Sannipatika, Sannipātika, Sānnipātikā: 8 definitions
Sannipatika means something in Buddhism, Pali, Hinduism, Sanskrit, Marathi. If you want to know the exact meaning, history, etymology or English translation of this term then check out the descriptions on this page. Add your comment or reference to a book if you want to contribute to this summary article.
Tibetan Buddhism (Vajrayana or tantric Buddhism)Source: Wisdom Library: Tibetan Buddhism
Sānnipātikā (सान्निपातिका) refers to a group of deities summoned by the Yamāntaka-mantra and mentioned as attending the teachings in the 6th century Mañjuśrīmūlakalpa: one of the largest Kriyā Tantras devoted to Mañjuśrī (the Bodhisattva of wisdom) representing an encyclopedia of knowledge primarily concerned with ritualistic elements in Buddhism. The teachings in this text originate from Mañjuśrī and were taught to and by Buddha Śākyamuni in the presence of a large audience (including Sānnipātikā).
Tibetan Buddhism includes schools such as Nyingma, Kadampa, Kagyu and Gelug. Their primary canon of literature is divided in two broad categories: The Kangyur, which consists of Buddha’s words, and the Tengyur, which includes commentaries from various sources. Esotericism and tantra techniques (vajrayāna) are collected indepently.
Languages of India and abroad
Pali-English dictionarySource: BuddhaSasana: Concise Pali-English Dictionary
sannipātika : (adj.) resulting from the union of the humours.Source: Sutta: The Pali Text Society's Pali-English Dictionary
Sannipātika, (adj.) (fr. last) resulting from the union of the humours of the body A. II, 87; V, 110; S. IV, 230; Miln. 135, 137, 302, 304. (Page 679)
Pali is the language of the Tipiṭaka, which is the sacred canon of Theravāda Buddhism and contains much of the Buddha’s speech. Closeley related to Sanskrit, both languages are used interchangeably between religions.
Marathi-English dictionarySource: DDSA: The Molesworth Marathi and English Dictionary
sānnipātika (सान्निपातिक).—a S Relating to sannipāta q. v.; consisting in the vitiation of the three humors--a disorder. 2 Miscellaneous or promiscuous.Source: DDSA: The Aryabhusan school dictionary, Marathi-English
sānnipātika (सान्निपातिक).—a Miscellaneous. Complica- ted. Sphoradic.
Marathi is an Indo-European language having over 70 million native speakers people in (predominantly) Maharashtra India. Marathi, like many other Indo-Aryan languages, evolved from early forms of Prakrit, which itself is a subset of Sanskrit, one of the most ancient languages of the world.
Sanskrit dictionarySource: Cologne Digital Sanskrit Dictionaries: Shabda-Sagara Sanskrit-English Dictionary
(-kaḥ-kī-kaṃ) 1. Complicated, (as disease,) relating to the morbid state of the three humours collectively. 2. Miscellaneous, promiscuous, collective. E. sannipāta collection, mixture, aff. ṭhañ .Source: Cologne Digital Sanskrit Dictionaries: Benfey Sanskrit-English Dictionary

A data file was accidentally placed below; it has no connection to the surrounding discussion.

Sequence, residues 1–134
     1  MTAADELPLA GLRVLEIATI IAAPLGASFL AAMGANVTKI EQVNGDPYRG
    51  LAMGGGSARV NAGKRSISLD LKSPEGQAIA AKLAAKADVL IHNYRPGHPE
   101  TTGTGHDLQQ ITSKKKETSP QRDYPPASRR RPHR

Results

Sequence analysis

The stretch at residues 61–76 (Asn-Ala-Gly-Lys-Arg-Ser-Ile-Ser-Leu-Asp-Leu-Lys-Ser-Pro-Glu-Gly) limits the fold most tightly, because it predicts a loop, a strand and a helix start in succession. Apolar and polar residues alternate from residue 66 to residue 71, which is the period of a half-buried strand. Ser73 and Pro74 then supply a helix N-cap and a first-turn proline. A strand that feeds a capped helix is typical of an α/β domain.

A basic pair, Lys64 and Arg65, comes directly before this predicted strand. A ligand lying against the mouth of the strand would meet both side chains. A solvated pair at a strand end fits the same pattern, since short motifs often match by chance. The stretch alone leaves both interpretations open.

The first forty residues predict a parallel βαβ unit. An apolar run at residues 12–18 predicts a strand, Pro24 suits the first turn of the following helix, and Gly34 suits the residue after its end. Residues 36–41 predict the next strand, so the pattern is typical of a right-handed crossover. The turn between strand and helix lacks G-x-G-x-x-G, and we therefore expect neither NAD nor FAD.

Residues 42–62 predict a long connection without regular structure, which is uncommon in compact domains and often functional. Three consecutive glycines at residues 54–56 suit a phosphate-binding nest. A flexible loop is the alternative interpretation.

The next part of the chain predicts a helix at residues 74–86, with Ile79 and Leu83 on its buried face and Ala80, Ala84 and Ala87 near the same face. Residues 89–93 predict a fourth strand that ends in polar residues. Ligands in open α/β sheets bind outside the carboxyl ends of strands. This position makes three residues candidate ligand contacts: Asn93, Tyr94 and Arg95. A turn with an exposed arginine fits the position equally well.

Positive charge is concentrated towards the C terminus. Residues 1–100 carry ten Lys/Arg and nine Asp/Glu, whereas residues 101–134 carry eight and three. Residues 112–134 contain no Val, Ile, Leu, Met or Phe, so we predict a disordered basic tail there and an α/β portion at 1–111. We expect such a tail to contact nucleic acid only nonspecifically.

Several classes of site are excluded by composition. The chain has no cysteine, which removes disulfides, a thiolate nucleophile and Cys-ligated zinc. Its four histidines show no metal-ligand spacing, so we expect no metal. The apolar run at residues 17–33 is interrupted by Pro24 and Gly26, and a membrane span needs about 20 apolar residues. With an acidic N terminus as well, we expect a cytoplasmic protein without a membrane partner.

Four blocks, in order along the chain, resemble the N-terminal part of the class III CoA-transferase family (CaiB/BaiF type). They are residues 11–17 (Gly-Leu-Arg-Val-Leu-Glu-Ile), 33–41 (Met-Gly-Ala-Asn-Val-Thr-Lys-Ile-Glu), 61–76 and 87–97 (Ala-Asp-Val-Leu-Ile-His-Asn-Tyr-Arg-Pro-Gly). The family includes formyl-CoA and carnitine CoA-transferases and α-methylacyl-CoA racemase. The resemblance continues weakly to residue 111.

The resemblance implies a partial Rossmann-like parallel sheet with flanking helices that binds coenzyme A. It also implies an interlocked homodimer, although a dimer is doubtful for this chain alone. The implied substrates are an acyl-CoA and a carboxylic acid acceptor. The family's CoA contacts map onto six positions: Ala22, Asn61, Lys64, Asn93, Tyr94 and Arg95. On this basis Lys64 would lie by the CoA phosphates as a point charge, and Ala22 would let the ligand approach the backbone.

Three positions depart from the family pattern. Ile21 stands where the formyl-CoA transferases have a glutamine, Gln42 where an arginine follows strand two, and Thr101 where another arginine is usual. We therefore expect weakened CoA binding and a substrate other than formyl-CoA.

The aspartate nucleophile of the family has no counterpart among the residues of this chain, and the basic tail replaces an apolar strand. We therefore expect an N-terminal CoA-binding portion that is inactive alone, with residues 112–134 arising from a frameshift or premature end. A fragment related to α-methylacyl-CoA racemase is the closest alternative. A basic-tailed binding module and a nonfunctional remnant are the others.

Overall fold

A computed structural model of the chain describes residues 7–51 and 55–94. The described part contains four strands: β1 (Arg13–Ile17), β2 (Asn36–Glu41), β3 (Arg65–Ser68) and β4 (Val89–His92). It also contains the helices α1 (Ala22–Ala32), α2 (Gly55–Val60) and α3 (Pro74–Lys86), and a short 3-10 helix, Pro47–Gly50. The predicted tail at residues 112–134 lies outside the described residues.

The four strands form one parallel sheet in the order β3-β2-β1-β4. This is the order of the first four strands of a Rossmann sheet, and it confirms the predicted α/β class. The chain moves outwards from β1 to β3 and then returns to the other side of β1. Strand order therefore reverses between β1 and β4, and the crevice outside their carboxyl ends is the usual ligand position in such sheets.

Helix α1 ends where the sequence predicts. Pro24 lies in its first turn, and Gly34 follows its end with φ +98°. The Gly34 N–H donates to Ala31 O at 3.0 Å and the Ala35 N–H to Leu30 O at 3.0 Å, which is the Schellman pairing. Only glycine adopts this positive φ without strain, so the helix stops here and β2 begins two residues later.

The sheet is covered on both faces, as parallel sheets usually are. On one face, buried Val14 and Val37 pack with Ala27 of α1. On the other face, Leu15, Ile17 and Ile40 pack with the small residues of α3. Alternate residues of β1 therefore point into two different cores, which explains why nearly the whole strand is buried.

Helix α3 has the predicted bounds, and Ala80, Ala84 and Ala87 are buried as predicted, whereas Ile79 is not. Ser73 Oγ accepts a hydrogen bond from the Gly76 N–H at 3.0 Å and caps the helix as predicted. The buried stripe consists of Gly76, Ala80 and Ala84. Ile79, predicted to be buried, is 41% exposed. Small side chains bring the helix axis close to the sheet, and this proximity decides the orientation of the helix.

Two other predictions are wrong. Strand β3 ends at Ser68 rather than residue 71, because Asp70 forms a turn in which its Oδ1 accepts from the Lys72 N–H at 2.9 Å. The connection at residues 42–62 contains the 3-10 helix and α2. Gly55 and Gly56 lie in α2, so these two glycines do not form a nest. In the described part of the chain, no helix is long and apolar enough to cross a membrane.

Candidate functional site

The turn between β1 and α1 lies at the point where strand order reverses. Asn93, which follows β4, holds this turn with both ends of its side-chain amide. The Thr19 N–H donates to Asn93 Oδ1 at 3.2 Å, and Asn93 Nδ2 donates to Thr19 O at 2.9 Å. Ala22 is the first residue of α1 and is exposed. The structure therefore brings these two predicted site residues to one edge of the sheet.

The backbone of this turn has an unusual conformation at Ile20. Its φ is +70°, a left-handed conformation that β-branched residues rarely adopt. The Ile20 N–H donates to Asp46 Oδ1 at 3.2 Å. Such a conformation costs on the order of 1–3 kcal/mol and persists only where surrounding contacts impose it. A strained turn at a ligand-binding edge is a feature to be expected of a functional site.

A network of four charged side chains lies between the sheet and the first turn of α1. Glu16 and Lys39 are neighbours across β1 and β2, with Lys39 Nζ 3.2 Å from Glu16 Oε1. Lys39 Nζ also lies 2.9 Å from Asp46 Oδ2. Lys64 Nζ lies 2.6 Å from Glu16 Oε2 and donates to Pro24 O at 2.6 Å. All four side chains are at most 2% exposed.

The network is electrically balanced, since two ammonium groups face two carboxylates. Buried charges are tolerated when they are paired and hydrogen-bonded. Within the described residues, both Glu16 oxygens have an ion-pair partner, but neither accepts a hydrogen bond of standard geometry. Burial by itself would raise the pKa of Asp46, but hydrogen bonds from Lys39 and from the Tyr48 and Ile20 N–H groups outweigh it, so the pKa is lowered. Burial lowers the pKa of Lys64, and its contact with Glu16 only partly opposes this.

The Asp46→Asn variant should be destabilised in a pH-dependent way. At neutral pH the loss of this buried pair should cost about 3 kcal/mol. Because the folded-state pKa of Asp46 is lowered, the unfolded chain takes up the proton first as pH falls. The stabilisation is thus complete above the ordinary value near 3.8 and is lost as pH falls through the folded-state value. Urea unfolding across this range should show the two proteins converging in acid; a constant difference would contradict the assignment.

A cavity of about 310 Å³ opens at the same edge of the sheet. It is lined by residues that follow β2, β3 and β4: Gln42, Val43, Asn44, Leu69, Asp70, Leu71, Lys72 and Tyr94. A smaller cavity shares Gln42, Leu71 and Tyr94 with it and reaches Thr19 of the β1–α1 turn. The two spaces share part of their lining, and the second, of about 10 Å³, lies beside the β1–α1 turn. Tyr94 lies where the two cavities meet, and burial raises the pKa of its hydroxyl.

Sānnipātika (सान्निपातिक).—i. e. saṃnipāta + ika, adj. 1. Complicated (as disease), relating to the morbid state of the three humours collectively, [Hitopadeśa] iii. [distich] 119. 2. Miscellaneous, promiscuous, collective.Source: Cologne Digital Sanskrit Dictionaries: Yates Sanskrit-English Dictionary
Sānnipātika (सान्निपातिक):—[(kaḥ-kā-kaṃ) a.] Complicated; miscellaneous.
Sanskrit, also spelled संस्कृतम् (saṃskṛtam), is an ancient language of India commonly seen as the grandmother of the Indo-European language family (even English!). Closely allied with Prakrit and Pali, Sanskrit is more exhaustive in both grammar and terms and has the most extensive collection of literature in the world, greatly surpassing its sister-languages Greek and Latin.
See also (Relevant definitions)
Search found 12 books and stories containing Sannipatika, Sannipātika, Sānnipātika, Sānnipātikā; (plurals include: Sannipatikas, Sannipātikas, Sānnipātikas, Sānnipātikās). You can also click to the full overview containing English textual excerpts. Below are direct links for the most relevant articles:
Gobhila-grihya-sutra (by Hermann Oldenberg)
The Garuda Purana (by Manmatha Nath Dutt)
Chapter CLXXX - The Nidanam of Fistual in Anas, etc. < [Dhanvantari Samhita]
Chapter CLXXVII - The Nidanam of Syphilis < [Dhanvantari Samhita]
Chapter CXLVII - The Nidanam of Fever < [Dhanvantari Samhita]
Rasa Jala Nidhi, vol 4: Iatrochemistry (by Bhudeb Mookerjee)
Treatment for fever (57): Vetala rasa < [Chapter II - Fever (jvara)]
Treatment for fever (66): Kaphashani rasa < [Chapter II - Fever (jvara)]
Treatment for fever (88): Arogya-bhairava rasa < [Chapter II - Fever (jvara)]
Khadira-grihya-sutra (by Hermann Oldenberg)
Sushruta Samhita, volume 2: Nidanasthana (by Kaviraj Kunja Lal Bhishagratna)
Sushruta Samhita, Volume 6: Uttara-tantra (by Kaviraj Kunja Lal Bhishagratna)
Chapter VII - Pathology of the diseases of the Pupil < [Canto I - Shalakya-tantra (ears, eyes, nose, mouth and throat)]
Chapter XXII - Causes and symptoms of diseases of the nose < [Canto I - Shalakya-tantra (ears, eyes, nose, mouth and throat)]
Chapter XLIII - Symptoms and Treatment of Heart-disease (Hridroga) < [Canto III - Kaya-chikitsa-tantra (internal medicine)]